Wednesday also began with bunny_hugger going to physical therapy and me sleeping in. I didn't sleep in so very long, though, which was as well because when I woke up and checked the status of the world I found e-mails from my father, brother, and brother-in-law: there was catastrophe at work. There were also text messages and failed calls to my phone.
See, my project at work has been on servers in the main office. The goal has long been to move them to the high-volume networking facility elsewhere in New Jersey. The tech guys on the first floor knew that this was the plan and they had to go up there anyway for other reasons so figured, why not take the servers and relocate them now and save a later trip?
Well, for one, because there were some points where IP addresses were hard-coded in because boring firewall issues wouldn't let me replace them with domain names until we got things put in the new locations. And I wasn't there to do the small bits of recoding necessary for this. And there were soem other issues about database access where again boring firewall issues that I don't perfectly understand even today, so that even if the first problems weren't crashing the page then these secondary ones would do it. So without my presence, the site went from humming along in near-finished form to no end of mysterious and obscure server errors.
Also, not only was I not there, but my boss wasn't there either, because he was having a meeting with someone or other and hoped to include a mention of this project as part of their agenda. He covered that, though, as there was enough other stuff to talk about. But, still. He gave the tech guys credit for initiative, but marked them way down for doing this major network move when neither the programmer behind the project nor he was anywhere near the office.
The catastrophe unfolded in the morning; by lunchtime when I was up the failure of the move was obvious and they were trying to move it back. But I didn't know that and tried diagnosing what I could from what I heard about it, and calling my boss to report. The only really lasting risk from this, I think, is now he's got my cell phone number in his phone's memory, at least until he loses or trades in his phone. We'll see.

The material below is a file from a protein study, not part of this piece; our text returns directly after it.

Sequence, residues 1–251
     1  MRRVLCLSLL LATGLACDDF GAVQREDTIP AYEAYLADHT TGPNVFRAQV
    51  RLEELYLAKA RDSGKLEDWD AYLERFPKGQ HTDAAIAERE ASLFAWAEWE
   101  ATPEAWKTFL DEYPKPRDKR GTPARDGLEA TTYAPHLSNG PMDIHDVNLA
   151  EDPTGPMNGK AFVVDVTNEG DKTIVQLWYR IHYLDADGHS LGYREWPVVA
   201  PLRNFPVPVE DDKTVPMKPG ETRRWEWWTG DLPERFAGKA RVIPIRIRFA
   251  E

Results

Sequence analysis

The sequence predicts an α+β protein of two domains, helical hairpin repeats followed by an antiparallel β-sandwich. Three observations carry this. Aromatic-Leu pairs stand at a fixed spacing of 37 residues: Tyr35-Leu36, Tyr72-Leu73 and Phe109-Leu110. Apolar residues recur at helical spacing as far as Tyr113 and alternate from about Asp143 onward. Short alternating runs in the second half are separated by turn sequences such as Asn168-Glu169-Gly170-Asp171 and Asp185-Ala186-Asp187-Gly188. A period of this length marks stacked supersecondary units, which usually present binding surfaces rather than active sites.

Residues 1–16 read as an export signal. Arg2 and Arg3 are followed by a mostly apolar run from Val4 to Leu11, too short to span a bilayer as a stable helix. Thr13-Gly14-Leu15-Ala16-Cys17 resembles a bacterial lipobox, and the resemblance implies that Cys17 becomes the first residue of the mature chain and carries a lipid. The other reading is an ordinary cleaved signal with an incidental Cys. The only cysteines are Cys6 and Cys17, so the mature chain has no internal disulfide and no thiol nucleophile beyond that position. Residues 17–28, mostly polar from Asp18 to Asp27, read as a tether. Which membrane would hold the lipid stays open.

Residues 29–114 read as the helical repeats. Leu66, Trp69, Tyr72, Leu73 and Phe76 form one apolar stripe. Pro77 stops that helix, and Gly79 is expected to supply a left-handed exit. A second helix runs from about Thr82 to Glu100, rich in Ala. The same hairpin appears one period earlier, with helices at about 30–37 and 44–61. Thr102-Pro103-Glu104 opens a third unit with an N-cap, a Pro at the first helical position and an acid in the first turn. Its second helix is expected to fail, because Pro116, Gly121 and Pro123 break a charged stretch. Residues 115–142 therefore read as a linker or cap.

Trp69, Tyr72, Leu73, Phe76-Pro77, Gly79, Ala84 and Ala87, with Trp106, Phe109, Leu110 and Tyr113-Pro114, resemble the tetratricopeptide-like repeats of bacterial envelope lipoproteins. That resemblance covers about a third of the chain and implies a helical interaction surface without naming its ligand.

When bunny_hugger got back and all this chaos had reached a stable point (the site would be back to normal by the close of the business day) we decided to go out for lunch, and she had a particular spot in mind. This would take us the short drive into downtown Lansing, to an eatery that focuses on the business-rush-hour trade, and is part of a once-mighty-yet-very-loose, now tiny restaurant chain, and licensed to one of the famous names in forgotten merchandising.
This is the Kewpee Restaurant, originally opened in the 1920s and tied thematically to the Kewpie Doll. The Kewpee restaurants started out independent of each other and reached a sweep of hundreds of shops before World War II; as Kewpie dolls faded out of the public eye so did the restaurants, although the handful of remaining ones have banded together as a franchise.
The walls are decorated with Kewpie stuff; we sat underneath a framed Ladies Home Journal full-page advertisement talking about the way streets are cleaned in Kewpietown and how the residents cherish having their wings since it means they can just fly above the streets while sweeping goes on. It mentioned how frogs and kangaroos don't have wings, but with their broad hopping abilities they don't miss them. I thought seriously about getting a Kewpee T-shirt for my brother-in-law, the fast food fan, but didn't have any clear idea where they were sold. (I did, though, on the way to the bathroom discover they had a library upstairs.)